— Silvio Canto, Jr. (@SCantojr) December 24, 2014
Where did the time go? The answer is that it did pass.
It was 50 years ago today that our family landed in Miami after a 2 month odyssey that began on July 2nd when we departed Cuba via Mexico City.
Along the way, our plane almost crashed, we lived through an earthquake, we spent almost two months in Jamaica in a one room flat and had some fun too.
We left via Mexico City because there were no flights between Cuba and the US. Our two options were Madrid and Mexico City. We chose the latter because it was a better fit for our eventual entry to the US.
We spent two months in Jamaica waiting for our papers to come to the US.
It was a long summer with no money and flying “on a wing and a prayer”.
We rented a room from a Jamaican man who had lived in Cuba.
We all slept in the same room. My parents on the bed with my sister stuck in. My brother & I on the floor. My biggest memory was staying up late with my father and listening to the news on a little short wave radio that he bought in Mexico. It was fascinating talking to my father about world events. He was, and still is, a very well informed man who had a thought on every topic.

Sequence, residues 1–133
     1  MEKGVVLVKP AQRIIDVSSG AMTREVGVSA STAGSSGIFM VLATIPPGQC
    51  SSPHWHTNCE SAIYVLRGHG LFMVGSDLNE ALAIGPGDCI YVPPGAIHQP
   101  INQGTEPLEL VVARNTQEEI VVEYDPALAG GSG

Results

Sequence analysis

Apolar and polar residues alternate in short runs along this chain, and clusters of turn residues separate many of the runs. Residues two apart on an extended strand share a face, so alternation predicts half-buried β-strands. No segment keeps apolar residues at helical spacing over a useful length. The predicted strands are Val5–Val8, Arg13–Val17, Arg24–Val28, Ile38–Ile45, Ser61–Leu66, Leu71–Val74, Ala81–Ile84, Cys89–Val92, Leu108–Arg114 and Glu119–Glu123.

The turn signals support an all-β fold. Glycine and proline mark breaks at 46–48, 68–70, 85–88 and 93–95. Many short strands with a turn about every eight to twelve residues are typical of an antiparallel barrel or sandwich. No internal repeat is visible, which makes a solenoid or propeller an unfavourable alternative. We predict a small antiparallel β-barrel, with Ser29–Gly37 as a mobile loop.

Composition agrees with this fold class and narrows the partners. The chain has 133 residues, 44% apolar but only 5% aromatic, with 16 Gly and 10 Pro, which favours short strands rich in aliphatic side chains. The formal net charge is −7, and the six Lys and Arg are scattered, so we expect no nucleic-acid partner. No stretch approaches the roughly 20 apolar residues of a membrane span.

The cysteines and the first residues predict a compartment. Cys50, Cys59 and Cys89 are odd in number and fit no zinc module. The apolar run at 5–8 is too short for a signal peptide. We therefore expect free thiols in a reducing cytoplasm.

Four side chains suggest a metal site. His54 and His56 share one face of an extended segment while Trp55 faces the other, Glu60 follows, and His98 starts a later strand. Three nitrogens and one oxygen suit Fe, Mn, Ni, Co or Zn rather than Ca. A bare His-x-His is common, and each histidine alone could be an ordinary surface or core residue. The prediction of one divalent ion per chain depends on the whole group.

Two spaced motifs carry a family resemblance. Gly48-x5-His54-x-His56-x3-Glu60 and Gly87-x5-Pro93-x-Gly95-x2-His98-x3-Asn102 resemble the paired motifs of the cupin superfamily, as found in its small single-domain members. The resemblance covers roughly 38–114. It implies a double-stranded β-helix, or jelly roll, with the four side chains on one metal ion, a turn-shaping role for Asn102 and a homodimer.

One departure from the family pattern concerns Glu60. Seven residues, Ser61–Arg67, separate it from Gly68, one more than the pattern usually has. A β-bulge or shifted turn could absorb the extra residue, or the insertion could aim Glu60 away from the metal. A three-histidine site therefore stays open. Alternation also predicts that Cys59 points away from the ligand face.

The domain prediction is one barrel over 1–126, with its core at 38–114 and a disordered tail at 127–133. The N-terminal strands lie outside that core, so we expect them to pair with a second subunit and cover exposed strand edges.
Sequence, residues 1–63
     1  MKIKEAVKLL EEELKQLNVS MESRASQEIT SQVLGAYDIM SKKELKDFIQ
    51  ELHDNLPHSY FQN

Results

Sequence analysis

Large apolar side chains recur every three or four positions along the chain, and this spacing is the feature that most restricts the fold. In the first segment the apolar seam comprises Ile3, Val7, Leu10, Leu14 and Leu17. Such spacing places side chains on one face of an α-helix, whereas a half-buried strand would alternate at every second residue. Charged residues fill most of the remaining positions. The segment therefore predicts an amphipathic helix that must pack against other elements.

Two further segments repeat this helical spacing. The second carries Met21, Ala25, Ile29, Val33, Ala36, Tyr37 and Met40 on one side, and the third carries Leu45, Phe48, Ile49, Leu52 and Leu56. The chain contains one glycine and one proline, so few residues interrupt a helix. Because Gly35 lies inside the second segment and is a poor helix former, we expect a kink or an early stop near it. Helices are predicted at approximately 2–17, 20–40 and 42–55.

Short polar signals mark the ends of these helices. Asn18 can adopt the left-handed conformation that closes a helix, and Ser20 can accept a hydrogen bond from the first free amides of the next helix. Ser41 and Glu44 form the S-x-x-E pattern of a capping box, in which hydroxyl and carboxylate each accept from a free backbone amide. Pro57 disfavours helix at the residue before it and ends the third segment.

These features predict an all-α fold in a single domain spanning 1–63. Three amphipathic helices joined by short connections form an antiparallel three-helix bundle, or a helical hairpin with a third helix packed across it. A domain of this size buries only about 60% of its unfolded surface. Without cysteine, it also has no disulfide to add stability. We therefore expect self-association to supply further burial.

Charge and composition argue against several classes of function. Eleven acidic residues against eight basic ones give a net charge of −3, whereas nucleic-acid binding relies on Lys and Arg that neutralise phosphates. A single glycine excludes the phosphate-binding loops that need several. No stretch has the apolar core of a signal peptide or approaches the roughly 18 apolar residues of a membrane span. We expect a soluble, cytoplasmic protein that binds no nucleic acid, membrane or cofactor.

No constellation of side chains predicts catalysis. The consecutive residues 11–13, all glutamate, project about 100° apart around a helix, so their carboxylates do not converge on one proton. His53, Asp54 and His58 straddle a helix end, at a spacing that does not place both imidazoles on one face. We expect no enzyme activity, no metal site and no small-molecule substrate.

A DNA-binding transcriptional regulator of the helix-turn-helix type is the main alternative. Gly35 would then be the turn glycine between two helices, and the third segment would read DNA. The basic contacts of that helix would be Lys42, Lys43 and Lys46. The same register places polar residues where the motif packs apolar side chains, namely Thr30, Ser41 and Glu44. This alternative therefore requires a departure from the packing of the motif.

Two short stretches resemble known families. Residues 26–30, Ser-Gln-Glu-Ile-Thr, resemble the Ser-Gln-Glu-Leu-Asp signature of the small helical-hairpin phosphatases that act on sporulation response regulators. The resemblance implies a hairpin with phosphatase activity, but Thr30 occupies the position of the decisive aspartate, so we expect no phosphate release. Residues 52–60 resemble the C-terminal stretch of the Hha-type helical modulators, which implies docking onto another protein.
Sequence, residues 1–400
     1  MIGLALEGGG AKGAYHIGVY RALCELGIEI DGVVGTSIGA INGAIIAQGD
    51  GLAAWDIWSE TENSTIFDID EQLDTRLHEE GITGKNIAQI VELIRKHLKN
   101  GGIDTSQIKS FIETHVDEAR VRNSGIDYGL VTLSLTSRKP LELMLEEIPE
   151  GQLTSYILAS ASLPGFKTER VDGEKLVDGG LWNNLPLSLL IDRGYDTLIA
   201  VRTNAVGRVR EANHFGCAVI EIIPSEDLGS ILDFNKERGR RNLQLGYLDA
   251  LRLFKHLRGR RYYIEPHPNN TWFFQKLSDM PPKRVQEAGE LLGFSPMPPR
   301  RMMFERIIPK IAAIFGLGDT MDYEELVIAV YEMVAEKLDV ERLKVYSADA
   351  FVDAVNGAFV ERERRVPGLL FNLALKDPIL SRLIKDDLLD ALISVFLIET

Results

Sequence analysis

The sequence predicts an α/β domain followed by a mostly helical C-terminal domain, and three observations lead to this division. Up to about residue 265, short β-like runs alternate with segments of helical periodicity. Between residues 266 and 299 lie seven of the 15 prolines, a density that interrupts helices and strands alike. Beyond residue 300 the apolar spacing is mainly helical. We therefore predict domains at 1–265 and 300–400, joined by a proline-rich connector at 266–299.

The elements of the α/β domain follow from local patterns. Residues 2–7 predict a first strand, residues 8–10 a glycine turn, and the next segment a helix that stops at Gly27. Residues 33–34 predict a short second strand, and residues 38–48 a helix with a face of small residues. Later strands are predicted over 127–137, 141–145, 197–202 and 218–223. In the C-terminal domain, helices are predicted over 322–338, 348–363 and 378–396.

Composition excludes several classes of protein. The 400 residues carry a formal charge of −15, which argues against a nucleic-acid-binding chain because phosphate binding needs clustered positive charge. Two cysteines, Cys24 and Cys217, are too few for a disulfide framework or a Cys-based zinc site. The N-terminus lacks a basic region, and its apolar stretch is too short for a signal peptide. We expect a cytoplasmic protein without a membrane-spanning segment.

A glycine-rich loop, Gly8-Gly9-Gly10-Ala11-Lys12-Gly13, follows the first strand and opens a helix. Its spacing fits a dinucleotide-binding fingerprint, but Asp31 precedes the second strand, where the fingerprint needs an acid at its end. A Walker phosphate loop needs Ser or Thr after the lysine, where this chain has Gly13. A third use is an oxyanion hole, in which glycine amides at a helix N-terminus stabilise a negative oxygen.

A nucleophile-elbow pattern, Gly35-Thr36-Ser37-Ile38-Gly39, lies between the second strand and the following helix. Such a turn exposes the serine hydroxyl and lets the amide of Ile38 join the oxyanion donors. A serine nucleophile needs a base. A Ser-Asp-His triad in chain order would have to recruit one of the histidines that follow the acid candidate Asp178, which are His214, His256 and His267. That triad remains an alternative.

We remember today my parents and their sacrifice. I recall how my brother and I played baseball with a ball that my mom made out of a sock. We recall our little sister. We were all very protective of her because I don’t think that she understood what this trip was all about.
It was an awesome experience that summer of 1964. Where did 50 years go?
— Silvio Canto, Jr. (@SCantojr) April 30, 2014
We will discuss the new “reforms” coming from Cuba PLUS US-Latin America stories with Fausta Wertz of Fausta’s Blog.
This is from his book page:
“Luis Gonzalez was born in Havana.
He spent the first seven years of his life there until his widowed mother of three fled Communist Cuba of the late 1960’s.
He then found himself in Culver City, California.
Though he quickly assimilated into his new country and culture, and had no trouble mastering his new language, Cuba never left him. Cuba was always with him: inside him, driving him, calling him.
He realized this more than ever when, in the 6th grade, he did his country report on Cuba and thus began a love affair with his homeland that continues to this day.
It was only natural that Cuba should play a part in his writing, and even from grammar school age, Luis Gonzalez knew that writing was in his blood.”